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Human rights advocates from across Asia continue calls for refugee legislation in Taiwan


Taipei, 26 October 2017, 12.00: This week a delegation of refugee experts, lawyers and civil society activists from across Asia convened in the Republic of China (Taiwan) to provide further support for Taiwan to pass their pending draft refugee legislation. Building upon previous initiatives by the Asia Pacific Refugee Rights Network (APRRN) and the Taiwan Association for Human Rights (TAHR) to develop of a comprehensive refugee protection system in Taiwan, a series of events took place with judges, legislators, lawyers and the National Immigration Agency.


Official data shows that the number of people claiming asylum annually in Taiwan is minimal, however testimony from those working on refugee issues suggest it very much remains a problematic issue. According to the Taiwan Association for Human Rights, a locally based non-governmental organization that has been working for refugees for more than fifteen years, in 2017 alone there have been more than 10 cases of refugees claiming international protection. Eeling Chiu, TAHR’s Secretary General, noted that they “have seen a number of cases this year where the National Immigration Agency seemed at a loss of how to progress the claim. Without passing a law, Taiwan is simply using a Band-Aid to cure a broken bone, an approach which is profoundly flawed.” In addition, Allan Mackey from the International Association of Refugee Law Judges (IARLJ) also noted that “Taiwan is a highly progressive society when it comes to human rights and it has the potential to be a model not only in East Asia, but also the world.”

根據官方統計顯示,在台灣尋求庇護的人數並不多。然而,根據實際處理難民議題的工作者表示這仍是一個大問題。根據在地處理難民議題超過十五年的台灣人權促進會表示,光是2017年,就已經有超過十個尋求庇護的個案尋求國際保護。台權會秘書長邱伊翎表示,今年的這些個案,移民署都仍然不知道如何處理。由於沒有難民法,台灣只是「一再用ok繃來處理斷掉的骨頭」,這有著非常嚴重的缺陷。來自國際難民法官協會的Allan Mackey表示,台灣是一個非常進步的社會,在人權議題上面,它極有潛力成為不只是東亞,甚至是世界的模範。

On 26 October, the international delegation met with the Vice-President of the Taiwanese Legislative Yuan and members of parliament. Open and frank discussions on refugee protection were had, including an in-depth dialogue on ethical practices in Refugee Status Determination processes. Complementing the meeting with government representatives, a series of training are also slated for 27–28 October 2017 to build capacity for successful implementation of the refugee law.


In addition to bilateral meetings and trainings, an East Asia Refugee Forum, hosted by the Human Rights Program at Soochow University was also held to raise public awareness of refugee issues in East Asia. Mr Yiombi Thona, a refugee currently residing in South Korea shared his experiences and his recommendations towards the Taiwanese Government during the forum. “I arrived in Korea where I was given no help, no support and no assistance. However, over the 17 years I have been in Korea, I have seen a significant shift in the way the Korean Government approaches refugee issues. As another leading nation in the region, Taiwan must also begin to take the steps needed to share responsibility in the region.”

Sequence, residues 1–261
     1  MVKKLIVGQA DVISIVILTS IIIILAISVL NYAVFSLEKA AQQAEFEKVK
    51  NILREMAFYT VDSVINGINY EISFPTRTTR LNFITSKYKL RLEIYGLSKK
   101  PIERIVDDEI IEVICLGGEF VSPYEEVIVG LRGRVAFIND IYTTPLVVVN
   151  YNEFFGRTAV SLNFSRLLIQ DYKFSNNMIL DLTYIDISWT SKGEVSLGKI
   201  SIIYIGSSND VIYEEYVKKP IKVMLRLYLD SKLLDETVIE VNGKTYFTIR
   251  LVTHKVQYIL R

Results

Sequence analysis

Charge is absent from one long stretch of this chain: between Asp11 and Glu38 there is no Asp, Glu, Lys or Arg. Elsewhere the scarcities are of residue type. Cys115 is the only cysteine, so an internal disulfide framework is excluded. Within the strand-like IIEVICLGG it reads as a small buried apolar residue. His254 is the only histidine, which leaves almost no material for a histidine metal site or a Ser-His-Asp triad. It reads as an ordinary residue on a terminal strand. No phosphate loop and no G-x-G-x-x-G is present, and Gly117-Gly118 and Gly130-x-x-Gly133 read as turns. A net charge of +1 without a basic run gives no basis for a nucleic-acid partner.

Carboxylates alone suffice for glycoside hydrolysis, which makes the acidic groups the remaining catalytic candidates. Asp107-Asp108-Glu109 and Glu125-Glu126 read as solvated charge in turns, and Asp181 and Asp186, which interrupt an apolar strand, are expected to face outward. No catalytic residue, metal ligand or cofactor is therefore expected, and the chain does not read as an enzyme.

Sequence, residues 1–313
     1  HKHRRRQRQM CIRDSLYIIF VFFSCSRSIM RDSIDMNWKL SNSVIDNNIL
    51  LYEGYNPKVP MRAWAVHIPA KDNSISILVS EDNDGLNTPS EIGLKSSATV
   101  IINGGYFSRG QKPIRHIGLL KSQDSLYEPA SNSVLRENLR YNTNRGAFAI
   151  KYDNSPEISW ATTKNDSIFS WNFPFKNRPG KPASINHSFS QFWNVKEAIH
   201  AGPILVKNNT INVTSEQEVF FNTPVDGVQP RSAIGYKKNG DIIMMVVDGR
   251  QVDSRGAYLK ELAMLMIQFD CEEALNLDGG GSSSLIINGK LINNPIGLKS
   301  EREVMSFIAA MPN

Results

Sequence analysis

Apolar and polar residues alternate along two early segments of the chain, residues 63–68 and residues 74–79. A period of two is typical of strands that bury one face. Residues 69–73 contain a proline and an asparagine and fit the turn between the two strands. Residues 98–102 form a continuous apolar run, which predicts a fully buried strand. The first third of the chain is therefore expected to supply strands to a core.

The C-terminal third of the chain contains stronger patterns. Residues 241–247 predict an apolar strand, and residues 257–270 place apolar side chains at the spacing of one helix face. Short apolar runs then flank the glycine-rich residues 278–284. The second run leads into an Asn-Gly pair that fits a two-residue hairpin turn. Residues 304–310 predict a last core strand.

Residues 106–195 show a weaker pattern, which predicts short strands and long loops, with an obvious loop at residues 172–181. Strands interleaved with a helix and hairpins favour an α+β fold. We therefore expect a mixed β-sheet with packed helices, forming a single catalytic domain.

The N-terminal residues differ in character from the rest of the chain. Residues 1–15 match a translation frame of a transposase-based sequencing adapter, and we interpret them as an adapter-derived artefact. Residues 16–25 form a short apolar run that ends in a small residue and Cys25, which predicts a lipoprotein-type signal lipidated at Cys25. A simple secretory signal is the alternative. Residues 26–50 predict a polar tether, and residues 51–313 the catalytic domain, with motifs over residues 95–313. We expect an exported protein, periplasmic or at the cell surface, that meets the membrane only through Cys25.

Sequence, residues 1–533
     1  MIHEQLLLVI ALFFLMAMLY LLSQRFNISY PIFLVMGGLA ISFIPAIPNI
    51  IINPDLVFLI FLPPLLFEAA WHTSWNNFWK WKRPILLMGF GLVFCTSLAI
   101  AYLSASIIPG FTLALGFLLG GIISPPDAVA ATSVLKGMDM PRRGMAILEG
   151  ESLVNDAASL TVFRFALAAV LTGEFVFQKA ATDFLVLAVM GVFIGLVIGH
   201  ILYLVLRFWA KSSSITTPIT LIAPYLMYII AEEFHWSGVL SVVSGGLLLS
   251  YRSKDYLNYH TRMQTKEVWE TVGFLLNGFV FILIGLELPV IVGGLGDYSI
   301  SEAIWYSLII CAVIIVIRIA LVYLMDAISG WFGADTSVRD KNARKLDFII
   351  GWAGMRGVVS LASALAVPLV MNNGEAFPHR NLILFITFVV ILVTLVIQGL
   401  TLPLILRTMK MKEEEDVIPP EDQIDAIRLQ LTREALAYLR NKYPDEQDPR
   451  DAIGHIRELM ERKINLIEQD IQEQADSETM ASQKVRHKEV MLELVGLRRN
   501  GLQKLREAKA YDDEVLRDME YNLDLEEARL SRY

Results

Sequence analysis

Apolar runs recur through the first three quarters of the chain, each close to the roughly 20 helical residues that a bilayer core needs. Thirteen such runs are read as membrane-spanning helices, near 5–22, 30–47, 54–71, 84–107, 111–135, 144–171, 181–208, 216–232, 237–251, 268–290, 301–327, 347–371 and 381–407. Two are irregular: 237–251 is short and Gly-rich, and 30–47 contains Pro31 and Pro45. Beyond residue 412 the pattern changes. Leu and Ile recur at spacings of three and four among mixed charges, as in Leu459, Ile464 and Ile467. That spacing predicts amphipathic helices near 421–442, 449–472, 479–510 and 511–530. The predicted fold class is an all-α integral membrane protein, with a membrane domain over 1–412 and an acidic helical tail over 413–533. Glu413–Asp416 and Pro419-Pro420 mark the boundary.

此外,由東吳大學人權學程所共同主辦的「東亞難民論壇」,也盼能提升社會大眾對於東亞難民議題的認識。目前定居南韓的難民Yiombi Thona也在論壇中分享他的經驗及對於台灣政府的建議。「當年我抵達韓國時,我沒有獲得任何協助或支持,然而,十七年後,我看到南韓政府對於難民議題的轉變。作為在這個區域另一個表率的國家,台灣必須採取步驟,以共同承擔這個區域的責任。」

A key message brought forward by the delegation throughout the trip was the need for the government to engage with civil society and other stakeholders in its efforts to build a legal framework in line with international norms and best practices. Furthermore it encouraged the government to take a proactive approach in a number of different areas including legal aid, interpretation and translation services and humanitarian support provision.


Evan Jones, Programme Coordinator at the Asia Pacific Refugee Rights Network said “the proactive engagement by the Taiwanese government to engage in constructive dialogue on the draft refugee law should be acknowledged. However, since earlier this year, we have not seen any progress. The government must advance this process and commit to effective implementation, once the law has passed. It is imperative that there be a shift globally towards collectively sharing in the responsibility of protecting people who have fled their countries.”

亞太難民權利網絡的協調專員Evan Jones表示,對於台灣政府積極參與難民法草案的建設性對話,值得肯定。但是,從今年年初訪台至今,我們仍未看到任何進展。政府必須進一步的往前,並承諾法案通過後將有效施行。全球必須要共同集體承擔責任,來保護這些從母國逃亡的人們。


Notes to the editor:


This week the government of the Republic of China hosted a delegation from the Asia Pacific Refugee Rights Network to discuss the pending draft refugee legislation and the preconditions for successful implementation. The international delegates who travelled to Taipei are all members of the Asia Pacific Refugee Rights Network and each brings with them an expertise in refugee legal aid, advocacy, government engagement and service provision.


In July 2016, the Taiwanese Legislative Yuan passed the first of three readings of Taiwan’s draft refugee legislation. This positive move is welcomed by civil society and is seen as a strong example of Taiwan’s positive and important role in the region. As a non-member state of the United Nations, Taiwan is unable to ratify the 1951 Refugee Convention or its 1967 Protocol, but there is nothing stopping Taiwan from implementing the Refugee Convention and Protocol the same way it has the ICCPR, ICESCR, CRC, CRPD and CEDAW.



About APRRN:


The Asia Pacific Refugee Rights Network is a vibrant network of over 300 civil society organisations and individuals from 28 countries in the Asia Pacific region committed to advancing the rights of refugees, through joint advocacy, capacity-strengthening, resource sharing and outreach.